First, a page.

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Medical

Gene editing could provide a cure for HIV

While antiretroviral drugs do a good job of keeping HIV infections under control, scientists are working hard to come up with a full cure for the condition. A team of researchers from the Lewis Katz School of Medicine at Temple University is making real progress in that regard, successfully testing a gene editing system, demonstrating its ability to eliminate the virus from DNA in human cells grown in culture.Read More

Protective bubble ferries prostate cancer drugs to their target

Research has uncovered a number of promising drug targets to halt the progression of prostate cancer, including proteins that inhibit the immune response to molecules that drive growth of a tumor's blood vessels. By taking aim at one protein in particular, scientists have been able slow the growth of prostate cancer in mice and also activate a kill switch in the tumor's cells.Read More

Scientists stumble on nerve cell that tells mice when to stop eating

Obesity is a big health problem, affecting more than one third – or 78.6 million – adults in the United States, and costing more than US$140 billion dollars to treat every year. A new breakthrough in our understanding of how the brain tells the us that we're full could one day lead to all new tools for tackling the widespread condition. The researchers made the discovery by chance while studying learning and memory systems, instead identifying a new nerve type responsible for controlling appetite in mice.
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Snake venom shapes as antidote for Alzheimer’s

A viper's venom would usually be something to steer clear of if you're at all concerned about your health, but new research suggests it may in fact boost the wellbeing of those with Alzheimer's disease. Australian scientists have discovered a molecule in this predator's poison that slows the onset of Alzheimer's, working to break down plaques in the brain that lead to dementia and typify the condition. Read More

Cavities can't hide from tooth-zapping device

Dental cavities are one of those things where the sooner you catch them, the better. Dentists' visual inspections and x-rays certainly help, but a new hand-held device is designed to detect them even earlier. It's called the Ortek ECD (for Early Cavity Detection), and it hunts cavities using electricity.Read More

Neurodegenerative disorders may meet their match with 3D micro-scaffold

Injecting reprogrammed stem cells into the brain to tackle neurodegenerative diseases isn't a new idea, but a new technique might significantly improve the effectiveness of the treatment. A team of sceintists, led by researchers at Rutgers University, has developed and conducted successful animal tests of a three-dimensional polymer micro-scaffold that dramatically improves cell survival rates following transplantation.Read More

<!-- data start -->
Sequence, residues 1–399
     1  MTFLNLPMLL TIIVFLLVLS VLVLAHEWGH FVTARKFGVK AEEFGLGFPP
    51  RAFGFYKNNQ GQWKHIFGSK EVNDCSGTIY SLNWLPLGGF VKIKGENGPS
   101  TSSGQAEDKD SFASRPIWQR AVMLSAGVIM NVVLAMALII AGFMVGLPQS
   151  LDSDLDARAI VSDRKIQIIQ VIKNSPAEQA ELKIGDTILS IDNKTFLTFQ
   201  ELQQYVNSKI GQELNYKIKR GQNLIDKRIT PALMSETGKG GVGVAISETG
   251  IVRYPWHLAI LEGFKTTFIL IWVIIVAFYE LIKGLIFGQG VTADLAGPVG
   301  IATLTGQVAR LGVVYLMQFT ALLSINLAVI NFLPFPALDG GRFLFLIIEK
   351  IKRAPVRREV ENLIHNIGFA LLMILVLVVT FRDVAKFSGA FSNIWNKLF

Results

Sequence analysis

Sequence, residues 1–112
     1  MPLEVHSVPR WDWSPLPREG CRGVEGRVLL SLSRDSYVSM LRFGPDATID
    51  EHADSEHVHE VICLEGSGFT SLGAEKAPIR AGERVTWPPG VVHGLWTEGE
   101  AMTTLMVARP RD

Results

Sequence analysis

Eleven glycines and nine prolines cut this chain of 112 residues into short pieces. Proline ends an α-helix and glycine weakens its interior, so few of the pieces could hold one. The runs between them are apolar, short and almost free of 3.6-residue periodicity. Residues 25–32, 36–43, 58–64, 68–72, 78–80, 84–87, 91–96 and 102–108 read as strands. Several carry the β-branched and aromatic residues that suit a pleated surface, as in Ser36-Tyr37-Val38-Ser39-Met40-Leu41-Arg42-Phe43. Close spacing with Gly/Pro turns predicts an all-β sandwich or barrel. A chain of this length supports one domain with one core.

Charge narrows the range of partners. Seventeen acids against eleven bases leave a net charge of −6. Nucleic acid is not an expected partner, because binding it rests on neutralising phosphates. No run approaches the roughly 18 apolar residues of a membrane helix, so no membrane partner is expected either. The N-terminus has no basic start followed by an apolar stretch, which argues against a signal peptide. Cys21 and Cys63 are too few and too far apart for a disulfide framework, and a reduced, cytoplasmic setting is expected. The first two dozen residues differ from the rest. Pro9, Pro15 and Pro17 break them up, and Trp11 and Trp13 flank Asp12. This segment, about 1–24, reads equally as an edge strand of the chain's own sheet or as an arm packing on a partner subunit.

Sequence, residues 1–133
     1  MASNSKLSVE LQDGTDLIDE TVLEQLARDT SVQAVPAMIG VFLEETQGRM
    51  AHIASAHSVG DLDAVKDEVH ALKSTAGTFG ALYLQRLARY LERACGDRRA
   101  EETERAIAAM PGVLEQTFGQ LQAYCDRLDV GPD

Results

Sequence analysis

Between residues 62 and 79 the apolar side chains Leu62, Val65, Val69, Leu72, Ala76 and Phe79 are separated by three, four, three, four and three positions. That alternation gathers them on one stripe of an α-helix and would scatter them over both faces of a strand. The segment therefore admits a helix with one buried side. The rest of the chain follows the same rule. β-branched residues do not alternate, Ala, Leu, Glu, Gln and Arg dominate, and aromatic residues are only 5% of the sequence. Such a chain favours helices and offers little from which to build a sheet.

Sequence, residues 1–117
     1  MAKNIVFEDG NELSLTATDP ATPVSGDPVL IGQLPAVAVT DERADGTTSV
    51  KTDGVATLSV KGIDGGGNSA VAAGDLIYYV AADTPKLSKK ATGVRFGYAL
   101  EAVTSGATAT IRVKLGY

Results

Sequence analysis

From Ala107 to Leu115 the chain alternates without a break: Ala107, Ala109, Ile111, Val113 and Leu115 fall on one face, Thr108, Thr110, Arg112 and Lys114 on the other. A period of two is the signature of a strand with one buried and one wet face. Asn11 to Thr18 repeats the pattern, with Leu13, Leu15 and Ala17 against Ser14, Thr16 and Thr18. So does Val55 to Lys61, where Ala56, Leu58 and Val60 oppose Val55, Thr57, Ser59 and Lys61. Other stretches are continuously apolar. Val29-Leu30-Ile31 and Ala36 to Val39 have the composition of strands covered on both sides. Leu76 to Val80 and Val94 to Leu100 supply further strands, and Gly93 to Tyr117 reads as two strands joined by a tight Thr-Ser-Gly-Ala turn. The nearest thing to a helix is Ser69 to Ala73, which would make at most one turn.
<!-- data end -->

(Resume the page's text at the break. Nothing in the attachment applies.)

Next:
Osteoporosis in mice reversed with single injection of stem cells

Age-related osteoporosis, where the bone structure deteriorates and becomes more vulnerable to fracture, is said to affect more than 200 million people worldwide. Drugs are available to treat or delay the condition, but a cure has remained elusive. Much-needed help may now be on the way, however, with scientists discovering healthy bone structure can be restored in mice with a single injection of stem cells.Read More

Cyborg cardiac patch offers alternative to heart transplants

An engineered cardiac patch has been created that incorporates human cells with flexible electronics and a nanocomposite structure to not only replace damaged heart tissue, but also provide remote monitoring, electrical stimulation, and the release of medication on demand. Using electroactive polymers and a combination of biological and engineered parts, the patch contracts and expands just like normal human heart tissue, but regulates those actions with the precision of a finely-tuned machine.Read More

New molecule has stem cells primed for harvesting within the hour

Securing a match for a bone marrow transplant to treat a cancer patient can be difficult enough, but it is not all smooth sailing from that point either. Preparing a donor's stem cells for harvesting involves a lot of time and injections of growth factor to boost stem cell populations ahead of the procedure. But Australian scientists have now unearthed a more direct route, discovering a new molecule that entices an adequate number of stem cells out into the blood stream to make for a much easier, swifter collection.Read More

Smart diabetes patch gets smarter

Implanting beta cells has been a promising, yet problematic approach to treating diabetes. These cells live in the pancreas and, in healthy people, secrete vital insulin to regulate blood sugar levels. But in sufferers of diabetes they don't quite work as required. Building on previous work on a smart insulin patch, scientists have now discovered a way of delivering the effects of these cells in a way that overcomes some of the complications. Read More

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